How warm weather impacts UK farmers

The heatwave of summer 2018 was enjoyed by people from all corners of the UK. In fact, according to the Met Office, it was the joint hottest on record, alongside 2006, 2003, and 1976. However, for some, it was too much to deal with the heat. In some areas of the world, the heat is loved and wanted but in the UK it is not our normal weather! It is a good thing that air conditioning units are available with companies like being utilized to help get one installed. Let’s just hope that next year is not as sweltering.

All four summers were shown to record an average temperature of 15.8⁰C from June-September, in records that were started in 1910. England had the best of it, recording a mean temperature of 17.2⁰C, and the hottest day of the year was recorded in Faversham, Kent,when it peaked at 35.3⁰C.

Trips to the beach and barbecues were scheduled in every weekend, and many people took up residence in beer gardens to watch the FIFA World Cup. As England reached the last four in the competition, Tesco anticipated burger sales for the week of the game to hit four million items, with more than 50 million bottles and cans expected to be consumed as well.

While the hot weather is a guaranteed way to lift our spirits, how does it impact our wider lives? We join Sutton Seeds, suppliers of high quality gardening gifts, take a look at some examples here:

Lavender farmers

In the right conditions, the Mediterranean plant can populate in areas such as Kent and the Cotswolds, a relative distance away from where it is usually found in the Provence region of France. Lavender needs warm weather to thrive, meaning it can often be tough for Britain to produce their best crop. Typically, the blooming season for lavender in Britain lasts three-to-four weeks between June and July, but the extended sunshine allows for a prolonged season.


Potato crops took a plunge during the heatwave, as yield and overall quality did not fare well in the extreme sunshine. The best time to seed potatoes is as soon as the ground is able to be worked on in the early spring. The best conditions for growth are in moist soil, but not waterlogged. However, the dryness can cause crops to fail.

An estimate by the North-Western European Potato Growers (NEPG) association suggested that the 2018 summer would have caused the crop to fall eight per cent below the five-year average in the Netherlands, France, Germany, Belgium and the UK. The British potato area was three per cent smaller in 2018 compared to 2017, which made it the third lowest area on record. Not only this, but there were quality issues noticeable with secondary growth, as well as sprouting in furrows.


Pea plants are another crop which deteriorate rapidly in the wrong kind of conditions, and during heatwaves they tend to die before they have reached maturity due to an overly warm climate. According to the British Edible Pulses Association, the most widely affected varieties are marrowfat and split green peas.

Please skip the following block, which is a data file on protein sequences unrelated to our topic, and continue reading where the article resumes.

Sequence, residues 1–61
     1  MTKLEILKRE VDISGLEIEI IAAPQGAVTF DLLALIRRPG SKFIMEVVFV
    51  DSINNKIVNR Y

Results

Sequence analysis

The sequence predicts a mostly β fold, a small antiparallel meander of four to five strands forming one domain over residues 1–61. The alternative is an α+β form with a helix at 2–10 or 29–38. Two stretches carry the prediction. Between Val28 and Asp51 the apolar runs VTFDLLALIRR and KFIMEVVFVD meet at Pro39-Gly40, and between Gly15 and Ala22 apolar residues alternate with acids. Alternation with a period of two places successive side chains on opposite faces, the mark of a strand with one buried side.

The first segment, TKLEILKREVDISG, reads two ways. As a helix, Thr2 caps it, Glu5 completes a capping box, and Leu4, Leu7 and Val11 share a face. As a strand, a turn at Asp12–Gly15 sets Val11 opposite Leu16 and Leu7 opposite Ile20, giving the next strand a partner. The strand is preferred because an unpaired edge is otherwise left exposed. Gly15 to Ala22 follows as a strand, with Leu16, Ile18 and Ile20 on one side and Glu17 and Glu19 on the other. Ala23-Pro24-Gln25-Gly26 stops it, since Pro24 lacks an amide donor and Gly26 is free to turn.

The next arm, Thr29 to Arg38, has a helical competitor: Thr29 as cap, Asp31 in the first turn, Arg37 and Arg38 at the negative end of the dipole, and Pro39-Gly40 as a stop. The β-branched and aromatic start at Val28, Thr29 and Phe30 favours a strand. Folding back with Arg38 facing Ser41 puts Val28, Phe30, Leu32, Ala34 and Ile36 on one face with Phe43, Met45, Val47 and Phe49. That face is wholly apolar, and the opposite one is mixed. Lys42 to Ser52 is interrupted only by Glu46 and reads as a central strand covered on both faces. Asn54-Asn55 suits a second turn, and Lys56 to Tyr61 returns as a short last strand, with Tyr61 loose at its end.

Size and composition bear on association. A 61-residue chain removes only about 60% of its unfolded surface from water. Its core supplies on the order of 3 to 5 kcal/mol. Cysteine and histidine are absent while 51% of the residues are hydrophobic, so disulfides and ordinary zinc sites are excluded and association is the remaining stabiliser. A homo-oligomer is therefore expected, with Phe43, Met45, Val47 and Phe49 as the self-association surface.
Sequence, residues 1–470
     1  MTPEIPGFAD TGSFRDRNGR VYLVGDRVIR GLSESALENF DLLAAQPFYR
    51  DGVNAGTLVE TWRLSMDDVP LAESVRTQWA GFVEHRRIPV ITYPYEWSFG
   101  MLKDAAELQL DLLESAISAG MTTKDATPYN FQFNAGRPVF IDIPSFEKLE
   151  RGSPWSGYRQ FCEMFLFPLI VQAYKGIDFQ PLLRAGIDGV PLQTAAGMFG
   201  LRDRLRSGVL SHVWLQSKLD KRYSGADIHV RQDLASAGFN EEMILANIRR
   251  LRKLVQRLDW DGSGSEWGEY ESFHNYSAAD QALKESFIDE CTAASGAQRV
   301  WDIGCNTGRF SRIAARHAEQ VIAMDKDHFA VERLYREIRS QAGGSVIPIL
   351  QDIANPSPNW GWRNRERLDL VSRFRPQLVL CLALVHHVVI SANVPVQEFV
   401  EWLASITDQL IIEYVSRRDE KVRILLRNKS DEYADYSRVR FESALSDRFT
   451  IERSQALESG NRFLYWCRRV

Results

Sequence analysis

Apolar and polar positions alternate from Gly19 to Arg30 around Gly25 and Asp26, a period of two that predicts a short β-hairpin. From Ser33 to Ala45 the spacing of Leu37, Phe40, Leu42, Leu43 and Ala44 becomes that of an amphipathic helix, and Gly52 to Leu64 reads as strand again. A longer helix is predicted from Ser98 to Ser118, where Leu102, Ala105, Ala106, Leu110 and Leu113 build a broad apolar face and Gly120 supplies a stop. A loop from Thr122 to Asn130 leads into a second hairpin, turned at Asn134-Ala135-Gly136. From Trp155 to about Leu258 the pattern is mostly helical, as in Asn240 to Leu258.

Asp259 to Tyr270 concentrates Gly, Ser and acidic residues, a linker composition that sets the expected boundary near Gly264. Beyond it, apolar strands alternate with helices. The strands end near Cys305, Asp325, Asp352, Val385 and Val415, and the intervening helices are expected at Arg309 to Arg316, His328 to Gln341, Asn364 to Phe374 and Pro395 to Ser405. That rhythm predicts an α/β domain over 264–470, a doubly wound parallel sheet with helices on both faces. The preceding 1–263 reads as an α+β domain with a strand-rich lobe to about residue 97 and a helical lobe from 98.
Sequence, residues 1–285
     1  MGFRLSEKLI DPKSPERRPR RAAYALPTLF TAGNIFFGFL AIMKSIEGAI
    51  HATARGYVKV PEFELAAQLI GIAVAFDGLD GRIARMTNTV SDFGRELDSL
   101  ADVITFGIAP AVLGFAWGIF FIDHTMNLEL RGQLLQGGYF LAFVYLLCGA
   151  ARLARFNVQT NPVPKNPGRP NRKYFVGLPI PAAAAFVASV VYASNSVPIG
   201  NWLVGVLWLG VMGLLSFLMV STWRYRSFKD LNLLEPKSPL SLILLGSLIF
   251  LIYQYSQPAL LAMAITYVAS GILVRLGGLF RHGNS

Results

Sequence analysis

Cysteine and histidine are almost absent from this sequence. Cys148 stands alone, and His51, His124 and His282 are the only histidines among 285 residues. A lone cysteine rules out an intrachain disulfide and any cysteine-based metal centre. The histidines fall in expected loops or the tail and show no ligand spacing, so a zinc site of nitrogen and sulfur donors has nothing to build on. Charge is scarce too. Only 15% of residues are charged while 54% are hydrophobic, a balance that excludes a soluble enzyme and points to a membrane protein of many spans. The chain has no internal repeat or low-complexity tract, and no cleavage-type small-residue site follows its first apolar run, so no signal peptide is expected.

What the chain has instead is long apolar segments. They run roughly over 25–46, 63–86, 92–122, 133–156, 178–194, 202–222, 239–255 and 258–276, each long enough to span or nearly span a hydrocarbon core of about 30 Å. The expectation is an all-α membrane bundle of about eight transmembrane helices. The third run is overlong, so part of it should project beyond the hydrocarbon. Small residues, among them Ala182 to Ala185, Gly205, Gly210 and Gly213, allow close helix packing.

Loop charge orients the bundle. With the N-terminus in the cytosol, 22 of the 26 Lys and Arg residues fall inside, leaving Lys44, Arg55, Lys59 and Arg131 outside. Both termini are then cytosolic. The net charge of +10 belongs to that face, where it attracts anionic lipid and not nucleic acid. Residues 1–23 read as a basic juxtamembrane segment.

A potential pea shortage could have gripped the UK last year as crops struggled to source enough water in the sunshine. This had led some to consider the Controlled Environment Sustainable Foods growing options to help mitigate this in the future. However, hot weather won’t just have adverse effects on the pea industry. Longer sunshine hours were credited with boosting the overall quality of garden peas and petit pois, despite there being fewer grown.


Of course, we must consider the effect of hot weather on animals too. Caterpillars, for example see their numbers plummet during sustained high temperatures. This is because the plants they need to survive wilt, meaning they struggle to pupate so they can see through the winter months.

The University of York produced some in-depth research using 1976’s extreme summer as a base point. It found that due to the heat and a sustained drought, caterpillar numbers dwindled, with at least 50 different species yet to recover. Badgers and hedgehogs also suffer in hotter conditions, as the harder dry ground makes it difficult to dig up worms, while worms burrow deeper in an attempt to find moisture.

Some animals can go unaffected by the hot weather though. With the hot weather making ants a lot more active, the likes of the green woodpecker can flourish thanks to the ant being its primary food source.

Agriculture and Global Warming

The agriculture industry is joining in with nationwide initiatives, to help meet the governments target of reding greenhouse gas emissions by at least 80 per cent by 2050. Amidst a growing population and increased food demand, the meat industry has become notably more efficient in recent years, and it is currently 2.5 times more efficient in capping carbon emissions than the global average rate.

In the future, hot weather could prompt some serious market changes with the possibility for food prices to reach unprecedented extremes. The 2018 heatwave brought a taster of what we could be expecting, as a mixture of droughts and scorching temperatures left many crops depleted. The government is working hard to prevent these adverse conditions from becoming commonplace, but the agriculture industry also needs to build upon its current progress to meet more environmentally friendly practice standards.

It’s no surprise that we enjoy sunny days in the Summer as much as we do here in the UK, as we tend to endure colder, drearier climates throughout the rest of the year. So much so, many of us book our holidays to bask in the sun. However, it’s certainly something that can be ‘too much of a good thing’ for certain people and industries. As Britain deals with more frosty weather, what will summer 2019 bring?